China sending helicopter-carrying ships in Senkakus dispute

March 04, 2013

By NANAE KURASHIGE/ Staff Writer

Japan's concern over a standoff with China over the disputed Senkaku Islands is deepening as Beijing is dispatching helicopter-carrying vessels to the surrounding waters almost daily.

Japanese officials fear that if a Chinese ship launched a helicopter while intruding in Japan’s territorial waters, it could elevate the dispute to the next level.

The Japan Coast Guard and the Defense Ministry are closely monitoring voyages of the Haijian 50, which can be loaded with helicopters.

The vessel, belonging to the China Marine Surveillance, an agency of the government’s State Oceanic Administration, sailed in the contiguous zone next to Japanese territorial waters surrounding the islands on 10 days in February.

Of these voyages, it encroached into territorial waters on four days.

The Japanese side was most alarmed on Feb. 18, when the hanger doors opened on the Haijian 50 while the ship was approaching an area about 1 kilometer to the southeast of the Uotsurishima islet, the largest of the Senkaku Islands, in the East China Sea.

If an aircraft had been launched in Japanese territorial waters, it could have instantly violated Japanese airspace, the officials said.

In a more alarming scenario, the helicopter could have landed on the islet, they said.

This was not the first time the Haijian 50 has threatened to deploy a helicopter. On Dec. 25, it took a similar action when it was in the contiguous zone off the islands.

If a Chinese aircraft flew toward Japanese airspace, it would be a standard response of the Self-Defense Forces to track it on radar and scramble a fighter jet from its Naha base, about 410 kilometers away, in response.

But if a helicopter were launched from a vessel in Japanese territorial waters, the SDF “would be certainly late” in responding and taking appropriate action, according to a government official.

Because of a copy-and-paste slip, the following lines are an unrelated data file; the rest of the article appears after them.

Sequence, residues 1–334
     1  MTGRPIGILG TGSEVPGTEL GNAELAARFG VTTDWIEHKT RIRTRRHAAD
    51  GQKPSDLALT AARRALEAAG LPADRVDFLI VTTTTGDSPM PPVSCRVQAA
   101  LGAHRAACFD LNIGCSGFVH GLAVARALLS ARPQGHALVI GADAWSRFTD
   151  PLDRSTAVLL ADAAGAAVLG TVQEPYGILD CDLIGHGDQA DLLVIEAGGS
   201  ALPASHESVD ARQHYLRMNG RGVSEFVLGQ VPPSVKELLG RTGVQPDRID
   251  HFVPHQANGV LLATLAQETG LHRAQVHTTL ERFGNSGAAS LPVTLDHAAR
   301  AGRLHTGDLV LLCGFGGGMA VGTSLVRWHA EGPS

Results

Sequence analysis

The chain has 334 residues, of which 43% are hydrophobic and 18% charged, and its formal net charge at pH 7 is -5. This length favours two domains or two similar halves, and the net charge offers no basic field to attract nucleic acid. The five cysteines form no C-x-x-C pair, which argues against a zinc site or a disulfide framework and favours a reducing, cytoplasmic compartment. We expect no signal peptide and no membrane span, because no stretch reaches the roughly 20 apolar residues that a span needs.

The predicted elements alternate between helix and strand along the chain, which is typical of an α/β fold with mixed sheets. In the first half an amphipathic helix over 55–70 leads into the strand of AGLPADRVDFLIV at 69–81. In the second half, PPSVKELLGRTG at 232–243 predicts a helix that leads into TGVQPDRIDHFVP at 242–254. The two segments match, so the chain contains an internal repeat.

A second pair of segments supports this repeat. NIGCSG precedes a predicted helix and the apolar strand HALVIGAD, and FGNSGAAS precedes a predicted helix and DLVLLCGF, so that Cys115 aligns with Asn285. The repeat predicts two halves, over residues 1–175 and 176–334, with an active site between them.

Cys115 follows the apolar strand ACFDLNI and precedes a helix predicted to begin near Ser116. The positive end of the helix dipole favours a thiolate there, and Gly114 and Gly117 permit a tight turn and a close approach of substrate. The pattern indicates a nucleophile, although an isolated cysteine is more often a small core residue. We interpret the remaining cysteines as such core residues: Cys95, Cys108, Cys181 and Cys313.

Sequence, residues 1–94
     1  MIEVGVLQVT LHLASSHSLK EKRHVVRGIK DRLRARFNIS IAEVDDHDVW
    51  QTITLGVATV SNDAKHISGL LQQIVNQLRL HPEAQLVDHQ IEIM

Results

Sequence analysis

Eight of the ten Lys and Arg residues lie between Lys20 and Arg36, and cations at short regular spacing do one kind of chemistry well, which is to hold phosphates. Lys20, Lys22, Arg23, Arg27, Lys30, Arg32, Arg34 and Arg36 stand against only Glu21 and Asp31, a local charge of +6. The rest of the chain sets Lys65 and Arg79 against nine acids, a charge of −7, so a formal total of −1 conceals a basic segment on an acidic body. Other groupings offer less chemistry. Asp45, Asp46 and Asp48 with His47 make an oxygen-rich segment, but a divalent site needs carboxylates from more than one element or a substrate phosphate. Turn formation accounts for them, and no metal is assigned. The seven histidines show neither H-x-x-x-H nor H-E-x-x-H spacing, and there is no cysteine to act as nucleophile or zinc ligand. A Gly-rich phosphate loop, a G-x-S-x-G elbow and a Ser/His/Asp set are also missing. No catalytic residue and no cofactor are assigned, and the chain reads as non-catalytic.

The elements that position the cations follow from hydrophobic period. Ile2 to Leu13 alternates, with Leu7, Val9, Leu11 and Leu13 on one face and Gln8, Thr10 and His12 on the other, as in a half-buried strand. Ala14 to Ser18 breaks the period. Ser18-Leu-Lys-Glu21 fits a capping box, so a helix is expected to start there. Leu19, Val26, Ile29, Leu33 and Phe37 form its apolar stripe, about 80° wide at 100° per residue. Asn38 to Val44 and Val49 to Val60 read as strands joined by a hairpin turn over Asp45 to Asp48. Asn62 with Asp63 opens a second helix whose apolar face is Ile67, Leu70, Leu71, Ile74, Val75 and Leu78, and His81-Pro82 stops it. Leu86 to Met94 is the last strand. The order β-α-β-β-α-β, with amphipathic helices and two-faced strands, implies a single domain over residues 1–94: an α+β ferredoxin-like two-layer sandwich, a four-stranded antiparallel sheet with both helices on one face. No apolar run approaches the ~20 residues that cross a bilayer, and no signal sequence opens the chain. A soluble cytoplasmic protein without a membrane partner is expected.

The Yuzheng 206, one of the largest surveillance vessels and which was converted from a naval ship in December, sailed into the contiguous zone eight days in a row until Feb. 28. It intruded in Japanese territorial waters on three of those days.

The patrol ship, from the Ministry of Agriculture’s Bureau of Fisheries, can also carry helicopters, like the Haijian 50.

“Since the Yuzheng 206 is in the 5,000-ton range, it can sail regardless of weather conditions,” an official with the Japan Coast Guard said.

The agency and the ministry’s bureau are law enforcement bodies tasked with protecting Beijing’s maritime interests, according to the Chinese foreign ministry.

Since the two vessels are not naval ships, the Japan Coast Guard, not the SDF, deals with them, and the Coast Guard is not authorized to respond in the event of an airspace violation or a landing on the islands by a helicopter.

Although neither of the two vessels made unlawful entries into Japanese waters and the contiguous zone in January, they trespassed in both waters in February.

Japanese government officials speculate that authorities at the two government entities were doing this to raise their profile among the Chinese populace as the March 5 opening of the National People's Congress nears.

A senior official with the Defense Ministry warned that Japan will be put in an increasingly difficult position with the passage of time, given that China is scrambling to build more patrol ships.

China’s dispatch of marine surveillance ships, instead of naval vessels, is apparently aimed at fending off intervention by U.S. forces on the basis of the Japan-U.S. Security Treaty, Japanese officials said.

As long as China dispatches patrol ships, the situation will be handled by the Japan Coast Guard, not the SDF.

Tokyo is set to draw up plans to deal with the dispute on the assumption that other Chinese surveillance vessels are equipped with helicopter-carrying capabilities.

Prime Minister Shinzo Abe tried to put the brakes on China’s actions by stressing the Tokyo-Washington alliance in a news conference after his summit meeting with President Barack Obama on Feb. 22.

“We have agreed to construct an order based on the rule of law, not force,” he said.

But China was quick to strike back the following day.

The state-run Xinhua News Agency condemned Abe, saying that the Japanese leader, overly excited, was snubbed (by Obama).

Japanese Foreign Ministry officials admit that it is difficult to bring Beijing into talks over the dispute as Chinese vessels repeat their incursions.

By NANAE KURASHIGE/ Staff Writer
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China's Haijian 50, front, sails near the waters surrounding the Senkaku Islands in the East China Sea in March 2012. The ship in back is a patrol boat of the Japan Coast Guard. (Asahi Shimbun file photo)

China's Haijian 50, front, sails near the waters surrounding the Senkaku Islands in the East China Sea in March 2012. The ship in back is a patrol boat of the Japan Coast Guard. (Asahi Shimbun file photo)

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  • China's Haijian 50, front, sails near the waters surrounding the Senkaku Islands in the East China Sea in March 2012. The ship in back is a patrol boat of the Japan Coast Guard. (Asahi Shimbun file photo)

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